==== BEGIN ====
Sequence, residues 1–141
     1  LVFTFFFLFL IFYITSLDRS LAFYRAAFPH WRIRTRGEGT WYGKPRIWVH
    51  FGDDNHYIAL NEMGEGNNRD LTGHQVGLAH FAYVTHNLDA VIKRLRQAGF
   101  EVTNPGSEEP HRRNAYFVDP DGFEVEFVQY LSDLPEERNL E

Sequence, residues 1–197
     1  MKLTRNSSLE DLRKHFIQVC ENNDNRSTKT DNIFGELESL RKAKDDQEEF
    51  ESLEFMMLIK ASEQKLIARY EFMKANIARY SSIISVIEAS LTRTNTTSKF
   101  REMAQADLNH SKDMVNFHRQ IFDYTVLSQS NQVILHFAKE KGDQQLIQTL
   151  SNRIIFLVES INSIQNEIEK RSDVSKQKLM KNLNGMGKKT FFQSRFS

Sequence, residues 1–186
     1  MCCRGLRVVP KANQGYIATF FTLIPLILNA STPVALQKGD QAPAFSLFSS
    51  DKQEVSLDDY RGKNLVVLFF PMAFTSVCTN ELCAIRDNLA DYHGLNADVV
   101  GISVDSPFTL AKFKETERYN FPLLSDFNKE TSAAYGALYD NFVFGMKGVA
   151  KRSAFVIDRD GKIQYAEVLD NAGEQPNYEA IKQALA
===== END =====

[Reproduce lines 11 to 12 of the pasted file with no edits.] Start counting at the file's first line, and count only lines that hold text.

     1  MCCRGLRVVP KANQGYIATF FTLIPLILNA STPVALQKGD QAPAFSLFSS
    51  DKQEVSLDDY RGKNLVVLFF PMAFTSVCTN ELCAIRDNLA DYHGLNADVV